Financial Data
Updated 21 Feb 2019

Telematics is key to improving your risk profile management

The term ‘big data’ has been roaming the halls for a while now. It’s a phrase used to describe large volumes of data, both structured and unstructured, generated on a daily basis. But it’s not the volume of data that counts. 

Grant Fraser, 19 January 2018  Share  0 comments  Print

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You can have all the data in world, but it’s what you do – or can do – with that data that makes the difference. And the possibilities are endless.

The ability to access or analyse big data, especially in real-time as it streams in, can have an enormous impact on a business, particularly if it is used to predict the onset of an event or provide insight into how to transform a process or operation.

In simple terms, its ‘Actionable Intelligence’.

Related: How innovative tech can cut your fleet costs

Consider the fleet industry for example. By collecting data about the location, performance, usage and status of vehicles and drivers, fleet operators obtain meaningful, real-world information about the inner workings of their organisation. This, in turn, can be used to change driver behaviour, dramatically reduce crash rates and ultimately save lives.

Generate data for change

Entry-level tracking software enables customers to trace the whereabouts of vehicles and drivers – an ideal solution for smaller, perhaps local businesses whose operations rely on accurate, real-time location information. 

Vehicles can be located on a map, giving those behind the screens the opportunity to plot their next move, improve utilisation, and reduce misuse and theft. Integrated fleet management solutions, however, offer much more potential coupled with solid return on investment.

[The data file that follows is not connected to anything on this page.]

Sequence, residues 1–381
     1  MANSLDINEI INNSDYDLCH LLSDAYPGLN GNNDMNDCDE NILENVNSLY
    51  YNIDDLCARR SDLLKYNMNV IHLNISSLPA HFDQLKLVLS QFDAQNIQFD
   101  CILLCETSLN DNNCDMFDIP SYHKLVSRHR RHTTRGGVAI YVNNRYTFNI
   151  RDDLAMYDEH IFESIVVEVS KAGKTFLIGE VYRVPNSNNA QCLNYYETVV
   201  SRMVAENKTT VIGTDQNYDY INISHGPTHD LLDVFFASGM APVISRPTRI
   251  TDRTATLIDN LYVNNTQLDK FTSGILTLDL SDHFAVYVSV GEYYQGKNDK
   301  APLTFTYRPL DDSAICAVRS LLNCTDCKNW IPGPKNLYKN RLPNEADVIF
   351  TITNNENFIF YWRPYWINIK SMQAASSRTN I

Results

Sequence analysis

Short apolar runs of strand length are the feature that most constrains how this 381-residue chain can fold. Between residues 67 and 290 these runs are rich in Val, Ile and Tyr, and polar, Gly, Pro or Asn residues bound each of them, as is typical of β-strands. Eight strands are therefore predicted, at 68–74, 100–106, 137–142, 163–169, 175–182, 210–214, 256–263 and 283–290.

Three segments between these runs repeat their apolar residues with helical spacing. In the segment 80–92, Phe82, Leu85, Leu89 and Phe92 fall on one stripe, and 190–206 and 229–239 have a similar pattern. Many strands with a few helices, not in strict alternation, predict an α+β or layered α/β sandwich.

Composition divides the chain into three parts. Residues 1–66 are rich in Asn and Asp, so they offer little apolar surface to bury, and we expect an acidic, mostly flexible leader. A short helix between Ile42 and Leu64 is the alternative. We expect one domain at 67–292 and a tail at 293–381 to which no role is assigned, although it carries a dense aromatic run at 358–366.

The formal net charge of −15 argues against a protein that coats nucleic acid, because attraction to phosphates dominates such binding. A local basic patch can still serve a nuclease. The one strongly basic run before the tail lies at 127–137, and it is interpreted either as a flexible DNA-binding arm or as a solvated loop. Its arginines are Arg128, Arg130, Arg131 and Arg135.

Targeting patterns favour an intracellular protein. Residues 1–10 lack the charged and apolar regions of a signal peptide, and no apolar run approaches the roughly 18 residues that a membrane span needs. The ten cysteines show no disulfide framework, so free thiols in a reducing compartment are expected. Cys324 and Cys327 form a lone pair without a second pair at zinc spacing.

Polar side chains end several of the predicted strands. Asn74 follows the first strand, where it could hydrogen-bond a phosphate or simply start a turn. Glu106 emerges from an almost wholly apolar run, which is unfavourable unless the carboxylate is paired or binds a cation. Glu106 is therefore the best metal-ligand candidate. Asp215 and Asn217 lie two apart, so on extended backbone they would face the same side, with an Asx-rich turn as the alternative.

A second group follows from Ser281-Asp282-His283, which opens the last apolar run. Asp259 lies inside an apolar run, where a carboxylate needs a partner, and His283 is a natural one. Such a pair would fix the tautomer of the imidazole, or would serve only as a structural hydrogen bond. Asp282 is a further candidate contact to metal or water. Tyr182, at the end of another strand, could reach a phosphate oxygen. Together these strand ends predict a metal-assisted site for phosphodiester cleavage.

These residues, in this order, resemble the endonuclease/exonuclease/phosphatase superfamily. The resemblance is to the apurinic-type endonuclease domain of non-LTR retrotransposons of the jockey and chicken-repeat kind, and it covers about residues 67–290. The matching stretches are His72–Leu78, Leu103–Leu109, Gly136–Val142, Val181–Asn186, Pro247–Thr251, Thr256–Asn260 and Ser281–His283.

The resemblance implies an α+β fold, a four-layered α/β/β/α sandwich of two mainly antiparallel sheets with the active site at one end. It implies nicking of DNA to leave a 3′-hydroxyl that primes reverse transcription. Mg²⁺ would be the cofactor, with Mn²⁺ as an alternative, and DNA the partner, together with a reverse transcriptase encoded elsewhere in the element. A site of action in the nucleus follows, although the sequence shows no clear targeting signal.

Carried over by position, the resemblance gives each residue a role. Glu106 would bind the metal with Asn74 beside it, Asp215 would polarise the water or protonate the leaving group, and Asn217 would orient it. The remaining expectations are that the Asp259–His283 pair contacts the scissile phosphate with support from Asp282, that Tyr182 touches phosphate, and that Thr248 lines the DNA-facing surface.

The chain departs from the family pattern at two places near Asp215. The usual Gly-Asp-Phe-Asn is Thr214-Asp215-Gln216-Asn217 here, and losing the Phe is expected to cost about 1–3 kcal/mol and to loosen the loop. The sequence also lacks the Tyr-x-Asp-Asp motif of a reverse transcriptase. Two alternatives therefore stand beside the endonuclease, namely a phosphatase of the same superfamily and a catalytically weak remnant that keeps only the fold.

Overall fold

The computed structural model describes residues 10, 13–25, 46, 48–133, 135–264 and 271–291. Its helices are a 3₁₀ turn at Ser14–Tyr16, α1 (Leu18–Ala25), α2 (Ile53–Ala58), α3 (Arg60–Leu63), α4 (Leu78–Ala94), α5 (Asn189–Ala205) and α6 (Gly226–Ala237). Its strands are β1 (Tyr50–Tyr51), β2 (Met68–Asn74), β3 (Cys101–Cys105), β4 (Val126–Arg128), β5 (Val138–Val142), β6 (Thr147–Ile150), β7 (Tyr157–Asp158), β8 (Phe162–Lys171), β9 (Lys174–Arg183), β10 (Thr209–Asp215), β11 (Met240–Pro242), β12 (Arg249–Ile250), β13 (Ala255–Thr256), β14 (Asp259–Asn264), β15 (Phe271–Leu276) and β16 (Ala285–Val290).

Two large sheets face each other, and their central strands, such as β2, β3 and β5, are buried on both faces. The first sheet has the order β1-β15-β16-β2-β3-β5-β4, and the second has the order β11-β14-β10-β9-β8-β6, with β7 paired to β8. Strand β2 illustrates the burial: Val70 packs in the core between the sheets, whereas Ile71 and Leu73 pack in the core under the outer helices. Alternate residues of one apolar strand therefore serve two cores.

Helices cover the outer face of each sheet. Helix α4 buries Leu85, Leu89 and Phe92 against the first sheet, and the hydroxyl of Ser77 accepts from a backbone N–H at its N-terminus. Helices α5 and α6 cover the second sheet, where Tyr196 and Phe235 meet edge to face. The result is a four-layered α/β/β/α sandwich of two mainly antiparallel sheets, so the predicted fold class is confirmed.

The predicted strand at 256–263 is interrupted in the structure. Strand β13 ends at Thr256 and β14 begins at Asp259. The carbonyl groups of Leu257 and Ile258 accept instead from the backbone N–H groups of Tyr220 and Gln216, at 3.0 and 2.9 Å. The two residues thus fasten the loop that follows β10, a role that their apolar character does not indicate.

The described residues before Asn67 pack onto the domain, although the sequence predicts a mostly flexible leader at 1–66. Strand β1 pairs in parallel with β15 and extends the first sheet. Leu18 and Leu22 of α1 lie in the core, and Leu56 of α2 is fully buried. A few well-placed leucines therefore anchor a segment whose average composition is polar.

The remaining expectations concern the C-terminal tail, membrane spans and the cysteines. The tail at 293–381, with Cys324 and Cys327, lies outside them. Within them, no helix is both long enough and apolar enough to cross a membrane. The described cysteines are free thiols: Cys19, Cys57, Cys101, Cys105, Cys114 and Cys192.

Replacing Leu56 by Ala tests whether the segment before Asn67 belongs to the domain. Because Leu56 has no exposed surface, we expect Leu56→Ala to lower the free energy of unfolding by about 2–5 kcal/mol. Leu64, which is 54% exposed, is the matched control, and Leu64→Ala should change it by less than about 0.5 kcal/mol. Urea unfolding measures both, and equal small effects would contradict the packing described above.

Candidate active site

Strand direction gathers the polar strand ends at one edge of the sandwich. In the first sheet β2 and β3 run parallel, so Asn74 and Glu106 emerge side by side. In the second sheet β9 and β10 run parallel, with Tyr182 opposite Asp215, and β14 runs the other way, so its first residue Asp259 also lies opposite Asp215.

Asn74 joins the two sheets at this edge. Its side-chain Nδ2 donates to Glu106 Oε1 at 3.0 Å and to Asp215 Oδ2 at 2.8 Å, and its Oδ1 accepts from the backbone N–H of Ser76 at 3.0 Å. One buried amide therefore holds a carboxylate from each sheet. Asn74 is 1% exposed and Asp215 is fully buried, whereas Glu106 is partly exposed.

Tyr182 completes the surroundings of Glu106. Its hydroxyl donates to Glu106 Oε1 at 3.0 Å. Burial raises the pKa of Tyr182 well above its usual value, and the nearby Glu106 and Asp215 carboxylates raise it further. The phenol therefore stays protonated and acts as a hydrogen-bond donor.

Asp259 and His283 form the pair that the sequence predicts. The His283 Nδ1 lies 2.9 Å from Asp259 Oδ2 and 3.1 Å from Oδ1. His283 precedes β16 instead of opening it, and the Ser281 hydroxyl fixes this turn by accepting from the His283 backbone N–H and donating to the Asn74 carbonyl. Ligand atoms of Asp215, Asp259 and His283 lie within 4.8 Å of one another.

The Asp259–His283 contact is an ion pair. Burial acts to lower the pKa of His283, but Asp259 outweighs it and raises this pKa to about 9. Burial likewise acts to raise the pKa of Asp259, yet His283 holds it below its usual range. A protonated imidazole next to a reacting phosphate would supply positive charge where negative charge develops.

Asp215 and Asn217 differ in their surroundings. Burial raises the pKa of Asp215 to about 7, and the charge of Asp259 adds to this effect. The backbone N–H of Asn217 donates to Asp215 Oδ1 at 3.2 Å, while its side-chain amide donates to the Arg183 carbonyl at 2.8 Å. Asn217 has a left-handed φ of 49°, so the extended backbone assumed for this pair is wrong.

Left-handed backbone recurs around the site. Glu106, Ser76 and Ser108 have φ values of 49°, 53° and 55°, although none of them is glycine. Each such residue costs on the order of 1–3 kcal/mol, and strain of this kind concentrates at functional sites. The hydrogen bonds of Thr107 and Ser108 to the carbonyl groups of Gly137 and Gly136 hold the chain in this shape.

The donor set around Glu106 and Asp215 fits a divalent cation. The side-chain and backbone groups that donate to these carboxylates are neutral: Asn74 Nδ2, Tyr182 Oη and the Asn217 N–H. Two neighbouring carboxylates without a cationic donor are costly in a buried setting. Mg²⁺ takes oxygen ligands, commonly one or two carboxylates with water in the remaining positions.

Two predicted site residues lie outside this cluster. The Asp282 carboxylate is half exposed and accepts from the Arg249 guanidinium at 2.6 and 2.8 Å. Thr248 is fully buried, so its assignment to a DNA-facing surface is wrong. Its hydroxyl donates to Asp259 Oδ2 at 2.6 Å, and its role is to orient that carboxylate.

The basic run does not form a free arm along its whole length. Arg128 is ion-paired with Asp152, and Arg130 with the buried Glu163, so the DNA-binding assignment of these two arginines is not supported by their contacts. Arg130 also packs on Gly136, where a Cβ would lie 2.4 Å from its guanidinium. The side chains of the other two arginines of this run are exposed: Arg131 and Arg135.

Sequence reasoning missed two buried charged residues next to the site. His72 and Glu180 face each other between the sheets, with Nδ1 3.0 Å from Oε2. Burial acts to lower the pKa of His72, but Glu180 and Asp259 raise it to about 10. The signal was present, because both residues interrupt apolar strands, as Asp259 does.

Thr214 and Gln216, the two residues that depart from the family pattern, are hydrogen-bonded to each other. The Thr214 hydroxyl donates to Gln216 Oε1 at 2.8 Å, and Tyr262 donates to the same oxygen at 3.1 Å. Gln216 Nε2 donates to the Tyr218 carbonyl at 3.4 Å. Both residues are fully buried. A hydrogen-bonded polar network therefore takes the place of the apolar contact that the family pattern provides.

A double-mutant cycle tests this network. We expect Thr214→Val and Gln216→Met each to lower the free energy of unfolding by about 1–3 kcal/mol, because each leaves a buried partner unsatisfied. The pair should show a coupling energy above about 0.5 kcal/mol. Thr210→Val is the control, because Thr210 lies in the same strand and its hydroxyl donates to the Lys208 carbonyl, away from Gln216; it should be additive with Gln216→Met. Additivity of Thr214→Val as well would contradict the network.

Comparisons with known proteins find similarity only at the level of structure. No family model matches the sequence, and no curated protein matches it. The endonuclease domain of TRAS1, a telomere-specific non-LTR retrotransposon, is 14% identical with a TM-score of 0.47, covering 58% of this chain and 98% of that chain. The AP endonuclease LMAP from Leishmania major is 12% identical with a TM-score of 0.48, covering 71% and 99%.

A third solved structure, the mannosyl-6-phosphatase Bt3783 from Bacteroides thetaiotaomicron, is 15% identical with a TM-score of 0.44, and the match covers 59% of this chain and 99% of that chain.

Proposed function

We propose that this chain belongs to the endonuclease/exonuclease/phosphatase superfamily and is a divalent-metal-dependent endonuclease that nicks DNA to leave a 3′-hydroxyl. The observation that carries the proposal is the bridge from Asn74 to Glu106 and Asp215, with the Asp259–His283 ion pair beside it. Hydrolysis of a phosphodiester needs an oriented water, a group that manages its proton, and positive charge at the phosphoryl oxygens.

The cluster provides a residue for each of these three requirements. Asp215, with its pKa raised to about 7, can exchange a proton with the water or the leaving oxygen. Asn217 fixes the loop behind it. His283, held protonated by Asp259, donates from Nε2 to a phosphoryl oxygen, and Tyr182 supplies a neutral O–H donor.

Powerful software platforms allow operators to not only track, but to manage, monitor and measure the performance of their vehicles and drivers and be notified, in real-time, about events, deviations, infringements or impending dangers.

Think of integration add-ons such as in-cab video to monitor driver behaviour, implement change and avoid false claims or collision avoidance, fatigue, and distraction detection technology that triggers a series of physical driver interventions before catastrophe strikes. 

Reduce insurance risks  

Link such data to insurance, for example, and not only does telematics allow risk to be assessed more accurately, but remedial action can be taken to reduce the chance of any future losses occurring. 

Related: Shield your business from increased truck hijackings

In fact, rich individual and collective driver behaviour analysis can be done across the fleet allowing for risk-rating algorithms or scorecards to be created from the data. This can go a long way to reducing insurance premiums for the business and enabling better cost management. 

From the insurer’s perspective, more accurate information can be provided not only around vehicle usage and storage activities, but can be utilised for improved risk management profiles and incentive schemes for good driving behaviour. 

The insurance industry is fundamentally based on analytics and probability. As such, the more accurate and in-depth data they have about their clients’ lifestyle and risk, the better - as much of the guesswork can be eliminated when calculating risk and subsequently cover and premiums.

What’s more, insight into such data can also open up new revenue streams and offerings.

Telematics companies are sitting on a data goldmine and with the power of data analytics, this data can be transformed into real decision-making power. 

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About the author

Grant Fraser

Grant Fraser, Commercial Director at MiX Telematics (Africa).

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